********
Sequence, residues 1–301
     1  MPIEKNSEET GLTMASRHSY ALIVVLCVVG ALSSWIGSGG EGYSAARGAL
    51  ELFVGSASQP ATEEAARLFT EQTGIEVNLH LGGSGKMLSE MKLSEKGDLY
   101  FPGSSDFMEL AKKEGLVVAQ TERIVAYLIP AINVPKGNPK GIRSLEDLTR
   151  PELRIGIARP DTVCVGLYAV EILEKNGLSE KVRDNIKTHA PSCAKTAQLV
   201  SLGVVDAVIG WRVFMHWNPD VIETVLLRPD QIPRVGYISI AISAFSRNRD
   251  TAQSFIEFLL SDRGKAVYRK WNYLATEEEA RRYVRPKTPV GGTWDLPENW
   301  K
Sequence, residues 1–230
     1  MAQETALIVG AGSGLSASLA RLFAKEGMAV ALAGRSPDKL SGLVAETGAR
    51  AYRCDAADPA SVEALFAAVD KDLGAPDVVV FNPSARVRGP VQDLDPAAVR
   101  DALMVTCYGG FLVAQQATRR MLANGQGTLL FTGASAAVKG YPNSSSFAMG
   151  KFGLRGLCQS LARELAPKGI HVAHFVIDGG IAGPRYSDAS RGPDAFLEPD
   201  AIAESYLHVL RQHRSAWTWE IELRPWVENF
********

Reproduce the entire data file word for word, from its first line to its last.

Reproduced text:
Sequence, residues 1–301
     1  MPIEKNSEET GLTMASRHSY ALIVVLCVVG ALSSWIGSGG EGYSAARGAL
    51  ELFVGSASQP ATEEAARLFT EQTGIEVNLH LGGSGKMLSE MKLSEKGDLY
   101  FPGSSDFMEL AKKEGLVVAQ TERIVAYLIP AINVPKGNPK GIRSLEDLTR
   151  PELRIGIARP DTVCVGLYAV EILEKNGLSE KVRDNIKTHA PSCAKTAQLV
   201  SLGVVDAVIG WRVFMHWNPD VIETVLLRPD QIPRVGYISI AISAFSRNRD
   251  TAQSFIEFLL SDRGKAVYRK WNYLATEEEA RRYVRPKTPV GGTWDLPENW
   301  K
Sequence, residues 1–230
     1  MAQETALIVG AGSGLSASLA RLFAKEGMAV ALAGRSPDKL SGLVAETGAR
    51  AYRCDAADPA SVEALFAAVD KDLGAPDVVV FNPSARVRGP VQDLDPAAVR
   101  DALMVTCYGG FLVAQQATRR MLANGQGTLL FTGASAAVKG YPNSSSFAMG
   151  KFGLRGLCQS LARELAPKGI HVAHFVIDGG IAGPRYSDAS RGPDAFLEPD
   201  AIAESYLHVL RQHRSAWTWE IELRPWVENF